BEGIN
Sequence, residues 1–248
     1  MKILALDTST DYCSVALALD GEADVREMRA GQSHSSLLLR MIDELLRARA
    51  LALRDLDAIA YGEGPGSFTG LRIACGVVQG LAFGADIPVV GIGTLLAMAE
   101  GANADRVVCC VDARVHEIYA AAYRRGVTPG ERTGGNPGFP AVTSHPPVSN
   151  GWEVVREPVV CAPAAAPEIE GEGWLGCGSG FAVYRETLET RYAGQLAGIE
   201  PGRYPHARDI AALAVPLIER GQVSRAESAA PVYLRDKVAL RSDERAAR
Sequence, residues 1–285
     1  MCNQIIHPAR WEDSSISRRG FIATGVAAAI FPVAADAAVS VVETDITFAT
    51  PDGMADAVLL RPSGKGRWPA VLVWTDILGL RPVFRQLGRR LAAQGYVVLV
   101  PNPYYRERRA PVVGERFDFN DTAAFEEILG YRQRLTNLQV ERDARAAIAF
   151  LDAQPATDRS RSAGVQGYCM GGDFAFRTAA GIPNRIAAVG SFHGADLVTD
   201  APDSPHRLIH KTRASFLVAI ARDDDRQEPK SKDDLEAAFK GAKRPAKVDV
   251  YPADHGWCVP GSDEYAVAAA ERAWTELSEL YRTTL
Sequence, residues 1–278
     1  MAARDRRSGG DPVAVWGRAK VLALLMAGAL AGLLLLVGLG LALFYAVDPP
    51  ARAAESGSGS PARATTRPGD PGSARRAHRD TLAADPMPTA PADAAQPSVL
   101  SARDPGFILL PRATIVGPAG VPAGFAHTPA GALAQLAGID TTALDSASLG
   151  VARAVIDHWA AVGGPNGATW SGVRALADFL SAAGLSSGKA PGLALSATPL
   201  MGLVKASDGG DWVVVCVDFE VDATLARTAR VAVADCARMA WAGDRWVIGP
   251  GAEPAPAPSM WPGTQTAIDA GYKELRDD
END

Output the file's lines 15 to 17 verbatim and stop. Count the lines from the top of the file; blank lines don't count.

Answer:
     1  MAARDRRSGG DPVAVWGRAK VLALLMAGAL AGLLLLVGLG LALFYAVDPP
    51  ARAAESGSGS PARATTRPGD PGSARRAHRD TLAADPMPTA PADAAQPSVL
   101  SARDPGFILL PRATIVGPAG VPAGFAHTPA GALAQLAGID TTALDSASLG